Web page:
magnification, was unable to see any detail here on 1991 Dec 12th at 
     02:10 - according to Cameron. The Cameron 2006 catalog ID=438 and the 
     weight=2. The ALPO/BAA weight=1.


2019-Aug-14 UT 18:43-22:16 Ill=99% Linne observed by Whippey_MR on 1969-8-26 *

     1969 Aug 26 UT 22:15-23:30 Observer: Whippey (Middlesex, UK, 
     6" reflector x177)  "Small dark spot in oval whitish patch 
     typoical under high sun for it." NASA catalog weight=2. NASA 
     catalog ID #1200. ALPO/BAA weight=1.


2019-Aug-14 UT 18:43-22:16 Ill=99% Plato observed by Whippey_MR on 1969-8-26 *

     Plato 1969 Aug 26 UTC 22:15-23:30 Observed by Whippey "Plato's 
     defuse white patch in center flanked by two radial diffused 
     bands diverging to S. wall. Later E. band disappeared under 
     better seeing. NASA catalog weight=2. ALPO/BAA weight=1."


2019-Aug-14 UT 19:09-19:43 Ill=99% Endymion observed by Provenmire on 1968-6-10

     (65E, 56N) near Endymion & Mare Humboldt 1968 Jun 10 UT 02:35 Observed 
     by Provenmire, Robinson et al. (Hamburg, PA, USA, 6" reflector x105, 
     Seeing=good, alt=20deg) "While waiting for reappearance of Antares from 
     a grazing occultation at 13+/-4deg P.A. saw a prolonged blue flash 
     lasting from minimum of 1/2 to a max. of 2.0 s. Several others along 
     obs. path of several miles also saw it so not a local phenom. (located 
     38 deg from cusp, azimuth=157 deg?)" NASA catalog weight=5 (very good). 
     NASA catalog ID #1078.


2019-Aug-14 UT 19:19-20:29 Ill=99% Riccioli observed by McKay_R on 1974-1-7

     Riccioli 1974 Jan 07 UT 16:30-17:00 Observed by McKay (South Downs, 
     England, 3" refractor, x135, S=IV boiling) "Bright spot and dark patch 
     changing in size (atmos. aberr. ?)" NASA catalog weight=1 (very low). 
     NASA catalog ID #1385.


2019-Aug-14 UT 21:36-23:27 Ill=100% Daniell observed by Madej_P on 1982-8-3

     1982 Mar 08 Daniell UT 22:49-22:57 P.Madej (Hudersfield, UK) - 
     A colour and brightness anomaly was seen a TLP alert was put 
     out. Cameron 2006 catalog extension weight=165 and weight=3. 
     ALPO/BAA weight=2.


2019-Aug-14 UT 22:51-23:58 Ill=100% Aristarchus observed by Brown_M on 1971-4-9

     On 1971 Apr 09 at UT 22:30-23:05 N. Brown (Huntington, York, UK, 37cm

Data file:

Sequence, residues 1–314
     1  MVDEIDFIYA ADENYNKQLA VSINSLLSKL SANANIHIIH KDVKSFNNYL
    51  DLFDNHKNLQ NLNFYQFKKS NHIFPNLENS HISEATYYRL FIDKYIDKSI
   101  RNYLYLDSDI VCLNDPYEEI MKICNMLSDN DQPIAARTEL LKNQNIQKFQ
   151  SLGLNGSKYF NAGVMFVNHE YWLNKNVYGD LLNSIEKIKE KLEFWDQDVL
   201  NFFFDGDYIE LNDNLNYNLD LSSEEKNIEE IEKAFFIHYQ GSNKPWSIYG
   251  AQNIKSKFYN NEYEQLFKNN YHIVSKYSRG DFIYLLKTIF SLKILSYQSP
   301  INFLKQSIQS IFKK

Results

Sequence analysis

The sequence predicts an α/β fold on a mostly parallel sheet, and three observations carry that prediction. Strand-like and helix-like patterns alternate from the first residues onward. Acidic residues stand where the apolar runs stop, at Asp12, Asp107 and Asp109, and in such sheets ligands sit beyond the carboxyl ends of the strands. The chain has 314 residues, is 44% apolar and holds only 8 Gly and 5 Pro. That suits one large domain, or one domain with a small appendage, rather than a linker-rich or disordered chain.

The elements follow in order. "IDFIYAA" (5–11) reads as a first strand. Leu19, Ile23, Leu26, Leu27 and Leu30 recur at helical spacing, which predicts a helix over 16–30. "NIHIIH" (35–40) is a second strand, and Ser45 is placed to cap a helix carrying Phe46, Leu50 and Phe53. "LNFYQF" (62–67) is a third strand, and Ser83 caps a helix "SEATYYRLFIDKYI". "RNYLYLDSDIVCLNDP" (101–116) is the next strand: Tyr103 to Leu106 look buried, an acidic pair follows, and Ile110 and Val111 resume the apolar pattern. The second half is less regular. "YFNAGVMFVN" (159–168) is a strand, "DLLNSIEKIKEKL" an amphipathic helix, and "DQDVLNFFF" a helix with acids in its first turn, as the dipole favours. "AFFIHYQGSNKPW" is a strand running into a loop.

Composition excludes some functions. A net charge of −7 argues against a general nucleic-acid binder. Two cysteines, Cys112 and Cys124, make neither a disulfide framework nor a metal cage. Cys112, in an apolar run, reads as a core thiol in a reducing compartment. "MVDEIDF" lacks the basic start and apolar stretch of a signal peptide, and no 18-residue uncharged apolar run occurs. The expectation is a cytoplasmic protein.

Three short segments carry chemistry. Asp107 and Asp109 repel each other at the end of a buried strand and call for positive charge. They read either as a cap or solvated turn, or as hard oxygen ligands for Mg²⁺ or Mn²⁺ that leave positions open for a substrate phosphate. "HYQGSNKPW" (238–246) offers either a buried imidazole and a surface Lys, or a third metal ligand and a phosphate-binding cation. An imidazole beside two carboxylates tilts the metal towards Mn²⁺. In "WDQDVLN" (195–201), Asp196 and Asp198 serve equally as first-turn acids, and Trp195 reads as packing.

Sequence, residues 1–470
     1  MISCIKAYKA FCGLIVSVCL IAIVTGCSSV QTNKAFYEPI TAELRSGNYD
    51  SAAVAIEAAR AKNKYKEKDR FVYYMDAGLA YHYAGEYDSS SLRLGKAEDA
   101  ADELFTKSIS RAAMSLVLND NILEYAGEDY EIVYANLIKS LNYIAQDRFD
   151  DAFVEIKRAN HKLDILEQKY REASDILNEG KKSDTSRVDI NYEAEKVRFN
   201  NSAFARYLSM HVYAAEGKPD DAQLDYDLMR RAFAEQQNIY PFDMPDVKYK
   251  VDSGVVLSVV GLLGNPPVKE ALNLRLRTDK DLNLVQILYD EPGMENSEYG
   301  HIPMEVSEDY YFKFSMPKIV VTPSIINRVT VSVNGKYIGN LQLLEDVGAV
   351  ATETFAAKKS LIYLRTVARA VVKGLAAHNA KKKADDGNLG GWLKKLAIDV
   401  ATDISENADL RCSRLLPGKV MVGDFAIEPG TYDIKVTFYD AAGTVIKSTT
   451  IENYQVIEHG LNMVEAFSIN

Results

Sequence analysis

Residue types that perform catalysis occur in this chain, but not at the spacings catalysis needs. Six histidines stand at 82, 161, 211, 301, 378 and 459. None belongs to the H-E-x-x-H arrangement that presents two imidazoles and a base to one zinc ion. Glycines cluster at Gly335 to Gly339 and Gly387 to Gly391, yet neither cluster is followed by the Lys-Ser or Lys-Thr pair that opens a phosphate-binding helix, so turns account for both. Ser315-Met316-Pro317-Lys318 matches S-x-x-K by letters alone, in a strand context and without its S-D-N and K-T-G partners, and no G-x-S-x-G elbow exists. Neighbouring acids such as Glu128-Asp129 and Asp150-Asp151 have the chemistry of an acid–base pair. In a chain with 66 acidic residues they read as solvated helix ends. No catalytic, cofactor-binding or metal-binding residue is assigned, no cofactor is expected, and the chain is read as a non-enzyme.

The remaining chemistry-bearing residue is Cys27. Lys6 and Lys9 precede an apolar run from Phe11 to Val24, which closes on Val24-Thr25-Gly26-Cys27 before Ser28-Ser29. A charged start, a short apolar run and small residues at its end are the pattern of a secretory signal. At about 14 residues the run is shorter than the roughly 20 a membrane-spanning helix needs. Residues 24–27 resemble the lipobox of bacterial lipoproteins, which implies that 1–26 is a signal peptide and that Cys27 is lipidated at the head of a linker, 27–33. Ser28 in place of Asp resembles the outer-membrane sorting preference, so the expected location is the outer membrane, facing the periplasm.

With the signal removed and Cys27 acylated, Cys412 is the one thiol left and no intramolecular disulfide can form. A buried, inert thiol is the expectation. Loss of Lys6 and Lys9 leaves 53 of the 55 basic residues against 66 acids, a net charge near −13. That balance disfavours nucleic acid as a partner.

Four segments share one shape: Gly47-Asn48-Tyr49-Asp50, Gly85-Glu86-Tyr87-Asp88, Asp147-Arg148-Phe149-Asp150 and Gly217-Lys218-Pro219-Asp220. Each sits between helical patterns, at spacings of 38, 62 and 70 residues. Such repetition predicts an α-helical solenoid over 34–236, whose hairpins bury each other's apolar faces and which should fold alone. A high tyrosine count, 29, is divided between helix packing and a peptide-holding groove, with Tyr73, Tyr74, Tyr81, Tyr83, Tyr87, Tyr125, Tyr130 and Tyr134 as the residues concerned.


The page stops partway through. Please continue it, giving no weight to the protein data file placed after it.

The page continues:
reflector, x252) noted that the bands in Aristarchus were noticeably 
     more prominent in blue light than in red. This has no entry in the 1978 
     Cameron catalog. It has an ALPO/BAA weight of 2.


2019-Aug-14 UT 23:20-00:09 Ill=100% Aristarchus observed by Gordon on 1966-6-3

     Aristarchus 1966 Jun 03 UT 01:00-01:45 Observed by Gordon (2), Delano 
     (Ackerman, PR?, 5" reflector / Massachussets, 3" (x92) & 10" reflector 
     T=4) "Deep blue color on N. wall. S.part of crater was brownish, (not 
     on alert). Delano saw E.wall bright spot unusually bright, confirm, ?" 
     NASA catalog weight=5. NASA catalog ID #947. ALPO/BAA weight=3.


2019-Aug-15 UT 00:38-02:11 Ill=100% Timocharis observed by Firsoff on 1955-6-4 *

     Timocharis 1955 Jun 4-5 UT 23:30-00:00 Observed by Firsoff (Somerset, 
     England, 5" reflector x70, seeing=poor) "Bright in red filter" NASA 
     catalog weight=4 (high). NASA catalog ID #595.


2019-Aug-15 UT 01:28-02:11 Ill=100% Aristarchus observed by Bartlett on 1973-6-15 *

     Aristarchus 1973 Jun 15 UT 06:12-06:21 Observed by Bartlett (Baltimore, 
     MD, USA, 3" refractor x54, x100, x300, x360, S=3, T=3) "Pinkinsh-red 
     glow on F., wall -- weher he usually sees the violet glare. (TLP 
     albedo=7?, normal=5?, nearby plain=1?). All along rim nr. crest & went 
     over EWBS. Wanted to compare a bright spot on Lyell with Aris. wall 
     brighteness. At 0612h pink glow changed to a rust-brown, fading rapidly 
     & gone at 0615h. First time he had ever obs. a red glow. (in 20 yrs)."
     NASA catalog weight=4 (high). NASA catalog ID #1369.


2019-Aug-15 UT 17:08-17:25 Ill=100% Cauchy observed by Pamplona on 1969-7-29 *

     Cauchy 1969 Jul 29 UT 06:00-06:22 Observed by Claudio 
     Pamplona and Jackson Barbosa (Fortaleza, Brazil, 2" 
     refractor) "very bright and clear(?) pulsating 3,3s,3s with 
     crater illum. then 3s area illum. red & no filter area 
     pulsated for 22m. Confirmed by Jackson (Apollo 11 watch)". 
     NASA catalog weight=3. NASA catalog ID #1193. ALPO/BAA 
     weight=3.


2019-Aug-15 UT 18:31-19:59 Ill=100% Gauss observed by Chilton_KE on 1967-9-19

     Gauss 1967 Sep 19 UT 02:33 Observer: Chilton (Hamilton, ON, 
     Canada, 12.5" Gregorian, 200x and a 4" refractor). In a polaroid 
     filter the west wall was missing. Effect seen in large scope and 
     also in 4-in finder. His conclusion was that W. wall reflected 
     polarized light. Cameron 1978 catalog weight=3 (good) 
     and TLP ID #1047. ALPO/BAA weight=4. 


2019-Aug-15 UT 18:31-20:10 Ill=100% Aristarchus observed by Rose_RW on 1973-2-17

     Aristarchus 1973 Feb 17 UTC 22:15-22:45 Observed by Rose, Hunt, 
     Robinson, Coleman (UK) described in the NASA catalog as: "Rose tho't 
     W.rampart was diffuse over 1/3 its length. Alerted Hunt who tho't there 
     was a dark patch (in poor seeing) but the diffuse effect was neg. 
     Robinson tho't things norm. also Coleman(Seeing=poor). Moore thinks not 
     real phenom. Rose used a 14", hunt a 6" and Robinson (and? Coleman) a 
     10" reflector. NASA catalog weight=1 (low). NASA catalog TLP
     ID No. 1363